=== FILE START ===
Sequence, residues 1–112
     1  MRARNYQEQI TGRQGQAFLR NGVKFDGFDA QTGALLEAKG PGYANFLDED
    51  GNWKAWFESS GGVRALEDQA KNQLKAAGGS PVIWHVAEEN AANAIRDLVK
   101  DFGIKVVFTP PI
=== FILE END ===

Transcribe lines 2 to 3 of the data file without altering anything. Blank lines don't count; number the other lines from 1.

     1  MRARNYQEQI TGRQGQAFLR NGVKFDGFDA QTGALLEAKG PGYANFLDED
    51  GNWKAWFESS GGVRALEDQA KNQLKAAGGS PVIWHVAEEN AANAIRDLVK